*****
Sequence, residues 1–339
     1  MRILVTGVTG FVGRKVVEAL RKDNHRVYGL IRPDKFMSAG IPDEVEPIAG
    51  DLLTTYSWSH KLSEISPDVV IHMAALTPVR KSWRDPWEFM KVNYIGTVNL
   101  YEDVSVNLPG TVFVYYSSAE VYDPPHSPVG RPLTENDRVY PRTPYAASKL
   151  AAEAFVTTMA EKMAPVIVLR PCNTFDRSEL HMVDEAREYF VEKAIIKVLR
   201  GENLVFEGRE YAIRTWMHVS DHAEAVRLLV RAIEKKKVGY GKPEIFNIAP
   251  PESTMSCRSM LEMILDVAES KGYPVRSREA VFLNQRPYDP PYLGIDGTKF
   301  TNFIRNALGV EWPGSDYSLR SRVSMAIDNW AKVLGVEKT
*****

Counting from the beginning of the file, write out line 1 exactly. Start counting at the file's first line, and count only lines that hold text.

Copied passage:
Sequence, residues 1–339